Tag: Reuters

Zimbabwe fires 16,000 striking nurses for ‘politically motivated’ move
Unemployment

Zimbabwe fires 16,000 striking nurses for ‘politically motivated’ move

Thomson Reuters HARARE (Reuters) – Zimbabwe said it had sacked 16,000 striking nurses as the new government seeks to keep a lid on labor unrest in the build-up to the first elections since the fall of Robert Mugabe.
The nurses walked out on Monday over unpaid allowances and other issues, leaving hospitals understaffed.
Vice President Constantino Chiwenga accused the nurses of staging a “politically motivated” walkout and said they would be replaced by retired and unemployed staff.
The nurses’ union told its members to stay calm as it considered its response.
The Zimbabwe Nurses Association (ZINA) said it had given its employer, the Health Services Board, until 1400 GMT on Thursday to reverse the mass dismissal or face legal action.
ZINA said it was open to talks with the government and that its grievances had not yet been resolved.
He did not say which political group he thought was behind the strike.
Mugabe regularly accused opposition groups of trying to undermine his government by encouraging the public sector strikes that punctuated his 37 years in power.
A doctors and lawyers union said the government decision was illegal.
President Emmerson Mnangagwa, who replaced Mugabe in November, will stand in elections set for July against a revitalized opposition Movement for Democratic Change party led by 40-year-old Nelson Chamisa.

Fed can keep rate hikes gradual without risking inflation: Evans
Unemployment

Fed can keep rate hikes gradual without risking inflation: Evans

Thomson Reuters CHICAGO (Reuters) – The Federal Reserve can stick to a series of gradual U.S. interest-rate increases over the next couple of years without much risk of an unhealthy surge in inflation, Chicago Fed President Charles Evans said on Tuesday. “I don’t foresee an outsized risk of a breakout in inflation,” Evans said in remarks prepared for delivery to the Chicago Rotary Club. “As long as this picture continues, the (Fed) can increase rates gradually while monitoring any rising inflationary pressures.”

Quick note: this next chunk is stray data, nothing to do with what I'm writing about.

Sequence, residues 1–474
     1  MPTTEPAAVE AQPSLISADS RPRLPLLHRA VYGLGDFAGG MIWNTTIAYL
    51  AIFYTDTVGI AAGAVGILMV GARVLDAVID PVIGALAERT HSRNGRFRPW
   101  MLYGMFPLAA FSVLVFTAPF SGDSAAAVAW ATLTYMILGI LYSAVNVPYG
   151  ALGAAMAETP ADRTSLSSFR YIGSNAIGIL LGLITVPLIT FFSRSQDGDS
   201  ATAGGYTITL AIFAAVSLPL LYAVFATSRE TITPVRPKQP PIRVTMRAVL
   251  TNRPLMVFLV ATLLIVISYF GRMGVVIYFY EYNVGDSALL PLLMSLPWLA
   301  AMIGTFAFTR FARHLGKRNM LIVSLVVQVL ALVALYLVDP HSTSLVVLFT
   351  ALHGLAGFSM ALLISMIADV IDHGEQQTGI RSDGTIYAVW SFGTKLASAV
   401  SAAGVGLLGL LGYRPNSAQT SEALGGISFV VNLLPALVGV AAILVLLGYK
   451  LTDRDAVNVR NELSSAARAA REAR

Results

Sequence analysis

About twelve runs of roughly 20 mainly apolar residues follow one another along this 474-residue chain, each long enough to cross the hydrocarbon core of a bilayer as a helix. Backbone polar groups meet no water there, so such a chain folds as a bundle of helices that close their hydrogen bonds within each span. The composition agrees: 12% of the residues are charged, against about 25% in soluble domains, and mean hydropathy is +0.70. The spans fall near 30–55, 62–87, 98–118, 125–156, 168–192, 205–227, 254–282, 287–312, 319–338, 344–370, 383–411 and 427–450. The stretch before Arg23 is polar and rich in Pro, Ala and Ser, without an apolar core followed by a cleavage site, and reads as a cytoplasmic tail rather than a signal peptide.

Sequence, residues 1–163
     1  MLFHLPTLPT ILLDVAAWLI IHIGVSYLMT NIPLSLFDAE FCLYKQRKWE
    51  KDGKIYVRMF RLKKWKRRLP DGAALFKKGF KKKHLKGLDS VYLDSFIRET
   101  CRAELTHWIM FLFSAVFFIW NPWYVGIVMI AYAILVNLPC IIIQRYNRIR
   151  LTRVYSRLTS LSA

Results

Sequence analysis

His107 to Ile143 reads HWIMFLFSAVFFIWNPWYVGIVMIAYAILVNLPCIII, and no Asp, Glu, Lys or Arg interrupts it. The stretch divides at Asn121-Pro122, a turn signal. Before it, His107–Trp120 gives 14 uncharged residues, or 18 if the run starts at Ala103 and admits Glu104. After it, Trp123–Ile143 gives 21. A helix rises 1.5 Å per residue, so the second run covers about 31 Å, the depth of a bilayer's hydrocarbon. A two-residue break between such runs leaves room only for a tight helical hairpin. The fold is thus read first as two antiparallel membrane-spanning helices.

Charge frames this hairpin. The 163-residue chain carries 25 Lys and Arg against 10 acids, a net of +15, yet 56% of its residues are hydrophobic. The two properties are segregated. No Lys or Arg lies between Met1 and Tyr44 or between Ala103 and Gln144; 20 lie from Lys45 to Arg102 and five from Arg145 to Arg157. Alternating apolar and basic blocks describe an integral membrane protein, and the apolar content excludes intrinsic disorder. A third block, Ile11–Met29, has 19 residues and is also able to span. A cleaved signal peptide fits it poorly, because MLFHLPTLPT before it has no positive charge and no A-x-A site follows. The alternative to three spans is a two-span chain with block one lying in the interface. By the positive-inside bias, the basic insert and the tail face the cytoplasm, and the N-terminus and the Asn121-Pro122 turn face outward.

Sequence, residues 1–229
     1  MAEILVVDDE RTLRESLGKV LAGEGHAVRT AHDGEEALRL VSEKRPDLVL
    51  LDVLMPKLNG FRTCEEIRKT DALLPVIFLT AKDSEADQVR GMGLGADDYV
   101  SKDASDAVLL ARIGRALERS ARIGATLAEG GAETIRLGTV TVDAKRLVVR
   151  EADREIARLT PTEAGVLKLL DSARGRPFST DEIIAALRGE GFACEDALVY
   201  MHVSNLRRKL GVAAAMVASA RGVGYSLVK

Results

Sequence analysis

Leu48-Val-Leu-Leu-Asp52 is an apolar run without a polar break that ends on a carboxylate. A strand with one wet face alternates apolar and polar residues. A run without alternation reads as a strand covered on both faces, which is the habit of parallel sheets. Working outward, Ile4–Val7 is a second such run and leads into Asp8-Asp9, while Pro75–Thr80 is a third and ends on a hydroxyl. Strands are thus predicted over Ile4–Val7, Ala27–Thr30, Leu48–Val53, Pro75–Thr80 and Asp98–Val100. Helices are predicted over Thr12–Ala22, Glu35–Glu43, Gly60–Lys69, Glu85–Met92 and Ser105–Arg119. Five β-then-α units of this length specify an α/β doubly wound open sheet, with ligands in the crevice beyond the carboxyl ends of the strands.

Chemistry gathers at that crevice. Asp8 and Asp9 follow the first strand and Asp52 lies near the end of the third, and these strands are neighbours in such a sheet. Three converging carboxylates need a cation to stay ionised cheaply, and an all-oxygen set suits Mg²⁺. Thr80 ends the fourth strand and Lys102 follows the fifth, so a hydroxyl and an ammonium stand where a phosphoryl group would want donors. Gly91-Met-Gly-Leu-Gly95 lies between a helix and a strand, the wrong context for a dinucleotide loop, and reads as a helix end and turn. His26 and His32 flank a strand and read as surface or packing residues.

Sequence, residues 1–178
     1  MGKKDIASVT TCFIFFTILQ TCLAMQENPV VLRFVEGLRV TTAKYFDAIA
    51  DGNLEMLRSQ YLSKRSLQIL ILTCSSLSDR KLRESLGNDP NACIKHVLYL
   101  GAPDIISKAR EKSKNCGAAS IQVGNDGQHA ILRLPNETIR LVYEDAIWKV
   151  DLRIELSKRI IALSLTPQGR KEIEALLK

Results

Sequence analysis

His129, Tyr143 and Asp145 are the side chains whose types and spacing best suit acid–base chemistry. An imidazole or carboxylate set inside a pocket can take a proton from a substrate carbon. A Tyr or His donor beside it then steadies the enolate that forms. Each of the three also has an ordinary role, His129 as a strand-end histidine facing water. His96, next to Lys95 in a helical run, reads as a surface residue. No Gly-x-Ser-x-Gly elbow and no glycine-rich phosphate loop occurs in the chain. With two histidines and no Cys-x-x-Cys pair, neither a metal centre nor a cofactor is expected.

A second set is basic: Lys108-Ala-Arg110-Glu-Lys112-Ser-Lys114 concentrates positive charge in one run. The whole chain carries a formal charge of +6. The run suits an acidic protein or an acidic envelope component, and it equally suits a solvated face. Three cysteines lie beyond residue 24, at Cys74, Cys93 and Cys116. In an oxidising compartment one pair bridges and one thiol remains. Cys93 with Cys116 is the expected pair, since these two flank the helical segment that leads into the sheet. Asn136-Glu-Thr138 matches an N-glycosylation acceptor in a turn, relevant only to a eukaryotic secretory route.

The Fed in December 2015 embarked on what is emerging as the slowest rate-hike cycle in its 100-year history, with its target range for short-term borrowing costs now at 1.5 percent to 1.75 percent despite what Evans called an economy that is firing on all cylinders.
Some economists have warned that the Fed may need to raise rates faster to prevent inflation from accelerating, now that unemployment is at 4.1 percent and expected to fall further as consumer and business spending, along with expansionary fiscal policy, fuel economic growth.
But to Evans, there is little risk the Fed will repeat the mistakes of the 1970s, when policymakers allowed the labor market to overheat, unleashing inflation and forcing the central bank to jack up rates aggressively in response.
A recession ensued.
This time around, Evans said, inflation and inflation expectations are low and it is difficult to imagine escalating inflation without sharp wage gains that are not in evidence.
If low unemployment continues to put little pressure on inflation, he said, the Fed may indeed be able to make smaller adjustments to rates. “I think we have the opportunity to more patiently read – and react to – the incoming data,” Evans said.

Merkel looks at ways to tackle Germany’s east/west disparities
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Merkel looks at ways to tackle Germany’s east/west disparities

Thomson Reuters BERLIN (Reuters) – German Chancellor Angela Merkel on Sunday said government subsidies were needed to address lingering disparities in the quality of life in the states of former Communist East Germany and West Germany 28 years after unification.
In a video webcast, Merkel said the government needed to look at ways to address the structural differences that would remain after a solidarity tax introduced in 1990 to support poorer eastern states runs out at the end of 2019. “We continually have to ask how we can balance systemic, structural differences between east and west in the area of research, in regard to the headquarters of large companies, and in the field of structural unemployment,” Merkel said.